Furthering that thought, it seems clear to me that the 20th Century’s major contender as an alternative, worker oriented socialism, is not better than neoliberalism, when it comes to the environment. The environment was never its focus. In terms of its industrial goals, it has never really been any different to capitalism. This is probably why it was so successful, because it was not so different. It did not demand any kind of reduction in output, indeed it often promised greater output, seeing this as the driver of human prosperity. The only real difference was the focus on equality. It still placed work, and it’s synonym, energy, as one of the greatest social goods. It was always predicated around growth. It still is. If there is ever argument between our slightly-more-socialist Labour Party and our slightly-more-neoliberal National Party about the economy, it’s about what will create the most growth, rather than about capping growth at some sustainable level. Then it’s about how it’s shared out. If socialism is any better environmentally, it might be out of a sense of fairness about who suffers from pollution, who should pay for it. But nowadays they pretty much leave that to the Greens to agitate for.

    Obviously the Green movement does have some actually different ideas. Their movement is predicated around sustainability as an ideal. Mostly, they seem to focus on environmental sustainability, though. It seems to me that economic sustainability is at least as important, since that’s a measure of what humans do, rather than what they don’t do. It’s no surprise to me that they have to contextualize themselves within the capitalist framework that both neoliberals and worker-oriented-socialists dominate. They can’t ignore growth as something most of the population of the world is attuned to wanting.

    But how can we do growth without using more energy? What actually is a sustainable level? It’s probably a lot higher than most people realize, at the moment. Well in excess of renewable energy currently set up and available. Maybe even in excess of an enormous and sustained effort dedicated to producing nothing else for decades.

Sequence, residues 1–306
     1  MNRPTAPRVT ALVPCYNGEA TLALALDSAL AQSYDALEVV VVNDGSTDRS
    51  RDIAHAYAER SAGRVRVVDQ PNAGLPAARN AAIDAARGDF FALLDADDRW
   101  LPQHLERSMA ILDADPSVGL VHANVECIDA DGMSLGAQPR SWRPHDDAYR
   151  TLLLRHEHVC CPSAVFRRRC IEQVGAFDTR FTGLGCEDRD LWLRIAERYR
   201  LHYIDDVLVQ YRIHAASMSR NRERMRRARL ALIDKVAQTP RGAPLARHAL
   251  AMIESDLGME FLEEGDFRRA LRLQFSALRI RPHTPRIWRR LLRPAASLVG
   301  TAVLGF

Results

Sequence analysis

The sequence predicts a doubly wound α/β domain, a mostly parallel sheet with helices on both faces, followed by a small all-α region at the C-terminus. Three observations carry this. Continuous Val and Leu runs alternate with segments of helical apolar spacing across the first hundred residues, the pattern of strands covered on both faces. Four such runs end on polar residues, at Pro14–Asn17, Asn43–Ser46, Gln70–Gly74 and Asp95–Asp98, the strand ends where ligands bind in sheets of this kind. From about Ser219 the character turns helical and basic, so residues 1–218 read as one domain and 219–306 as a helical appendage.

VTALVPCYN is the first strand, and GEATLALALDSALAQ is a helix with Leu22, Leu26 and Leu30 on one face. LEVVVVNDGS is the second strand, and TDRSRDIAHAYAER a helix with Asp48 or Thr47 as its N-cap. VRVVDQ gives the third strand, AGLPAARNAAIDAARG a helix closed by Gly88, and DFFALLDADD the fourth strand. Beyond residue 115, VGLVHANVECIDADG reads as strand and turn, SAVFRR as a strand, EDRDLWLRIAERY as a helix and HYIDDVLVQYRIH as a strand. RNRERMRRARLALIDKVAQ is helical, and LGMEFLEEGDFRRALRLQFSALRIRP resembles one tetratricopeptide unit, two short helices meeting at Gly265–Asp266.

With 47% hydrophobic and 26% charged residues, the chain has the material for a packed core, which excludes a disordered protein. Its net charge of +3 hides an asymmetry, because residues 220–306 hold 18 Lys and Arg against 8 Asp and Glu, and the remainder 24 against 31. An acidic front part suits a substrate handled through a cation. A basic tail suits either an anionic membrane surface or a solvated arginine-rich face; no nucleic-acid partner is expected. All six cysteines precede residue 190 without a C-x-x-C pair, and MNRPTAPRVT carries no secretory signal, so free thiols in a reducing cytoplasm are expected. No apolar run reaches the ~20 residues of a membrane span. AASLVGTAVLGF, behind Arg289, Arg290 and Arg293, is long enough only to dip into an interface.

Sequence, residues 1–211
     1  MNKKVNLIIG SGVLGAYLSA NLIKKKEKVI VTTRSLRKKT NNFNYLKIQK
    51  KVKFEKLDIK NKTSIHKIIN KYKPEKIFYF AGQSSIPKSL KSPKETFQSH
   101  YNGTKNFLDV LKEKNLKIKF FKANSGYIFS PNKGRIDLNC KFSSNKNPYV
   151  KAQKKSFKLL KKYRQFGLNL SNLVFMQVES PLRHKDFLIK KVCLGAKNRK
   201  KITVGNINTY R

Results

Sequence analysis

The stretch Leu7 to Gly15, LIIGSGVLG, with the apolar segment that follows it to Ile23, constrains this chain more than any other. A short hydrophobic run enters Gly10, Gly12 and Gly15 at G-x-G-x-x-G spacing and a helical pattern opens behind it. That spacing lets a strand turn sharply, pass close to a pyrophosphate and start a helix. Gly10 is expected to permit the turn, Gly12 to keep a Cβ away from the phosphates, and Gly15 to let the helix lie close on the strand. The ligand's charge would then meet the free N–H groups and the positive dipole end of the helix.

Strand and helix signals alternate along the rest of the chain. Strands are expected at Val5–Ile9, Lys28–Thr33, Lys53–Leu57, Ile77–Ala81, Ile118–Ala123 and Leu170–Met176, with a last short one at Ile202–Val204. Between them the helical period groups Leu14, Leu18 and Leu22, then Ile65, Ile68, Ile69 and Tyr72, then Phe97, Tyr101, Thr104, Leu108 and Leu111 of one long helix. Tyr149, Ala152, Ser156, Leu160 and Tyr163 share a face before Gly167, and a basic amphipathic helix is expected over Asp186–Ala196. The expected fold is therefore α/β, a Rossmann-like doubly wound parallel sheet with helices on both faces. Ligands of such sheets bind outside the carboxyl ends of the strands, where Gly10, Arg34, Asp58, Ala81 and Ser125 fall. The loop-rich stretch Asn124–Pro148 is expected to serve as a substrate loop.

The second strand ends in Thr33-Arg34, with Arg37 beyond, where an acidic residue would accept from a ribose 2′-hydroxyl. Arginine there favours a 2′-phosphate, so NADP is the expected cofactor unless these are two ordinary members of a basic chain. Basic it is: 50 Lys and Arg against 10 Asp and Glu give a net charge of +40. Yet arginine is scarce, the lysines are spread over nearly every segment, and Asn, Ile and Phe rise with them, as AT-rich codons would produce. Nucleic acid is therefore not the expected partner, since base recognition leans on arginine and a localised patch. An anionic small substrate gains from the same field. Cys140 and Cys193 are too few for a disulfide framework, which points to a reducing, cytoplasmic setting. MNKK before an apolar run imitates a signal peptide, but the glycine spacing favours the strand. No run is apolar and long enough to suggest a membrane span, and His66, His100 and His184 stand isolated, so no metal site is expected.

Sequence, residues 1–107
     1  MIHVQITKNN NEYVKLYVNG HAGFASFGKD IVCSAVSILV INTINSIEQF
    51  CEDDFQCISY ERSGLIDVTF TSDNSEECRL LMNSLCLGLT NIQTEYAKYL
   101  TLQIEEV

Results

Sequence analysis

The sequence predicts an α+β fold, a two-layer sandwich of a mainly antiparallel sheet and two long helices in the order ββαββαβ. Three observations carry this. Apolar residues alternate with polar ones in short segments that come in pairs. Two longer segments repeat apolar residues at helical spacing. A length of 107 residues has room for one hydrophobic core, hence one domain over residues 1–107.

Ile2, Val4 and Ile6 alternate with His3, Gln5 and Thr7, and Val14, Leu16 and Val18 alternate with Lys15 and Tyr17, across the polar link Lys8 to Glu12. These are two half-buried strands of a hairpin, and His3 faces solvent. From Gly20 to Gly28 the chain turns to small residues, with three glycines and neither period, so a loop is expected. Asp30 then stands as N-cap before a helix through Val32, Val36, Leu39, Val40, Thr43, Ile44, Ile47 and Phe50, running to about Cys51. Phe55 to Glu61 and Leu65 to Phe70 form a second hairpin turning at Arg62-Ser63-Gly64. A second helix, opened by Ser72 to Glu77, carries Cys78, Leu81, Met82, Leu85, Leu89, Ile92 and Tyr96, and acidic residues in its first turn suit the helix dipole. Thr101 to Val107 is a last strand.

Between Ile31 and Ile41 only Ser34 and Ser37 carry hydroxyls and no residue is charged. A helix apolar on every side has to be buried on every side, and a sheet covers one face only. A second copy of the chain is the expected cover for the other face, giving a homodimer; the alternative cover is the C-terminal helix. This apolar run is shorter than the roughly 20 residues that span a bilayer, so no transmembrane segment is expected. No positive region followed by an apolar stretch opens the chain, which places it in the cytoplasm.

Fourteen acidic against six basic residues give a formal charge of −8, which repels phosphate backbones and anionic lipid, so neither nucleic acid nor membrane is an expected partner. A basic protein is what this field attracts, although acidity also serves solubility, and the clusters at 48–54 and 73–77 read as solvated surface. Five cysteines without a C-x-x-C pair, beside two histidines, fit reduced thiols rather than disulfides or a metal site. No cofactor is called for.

Are there other ideas? I’m genuinely curious. Is the Green movement the be-all and end-all for environmentalism, or is there some lesser (and less radical) idea out there that might serve at least some improvement to our voracious need for growth?

    ETA: Or, as Bart seems to be suggesting, is every solution piecemeal? Fix this, fix that. Keep doing it. Eventually everything is fixed. Technology saves us by finding new energy sources and techniques for saving it. I find it hard to believe this can work. Mostly because it hasn't, for the longest time. Even when we have exponential growth in resources, as we have in, say, computational power, we always find that our appetite can keep up. It's only a year after getting the latest most powerful gadget ever invented that we're lamenting how it's not fast enough to do what we want. If we save on household heating, then we can put the money into building a bigger house, which costs more to heat. We make a huge hydro plant giving massive amounts of cheap power. So we build a humungous smelter to suck it all up, giving a bunch of jobs. We frack, find tons of oil, so we build a whole lot more cars and roads.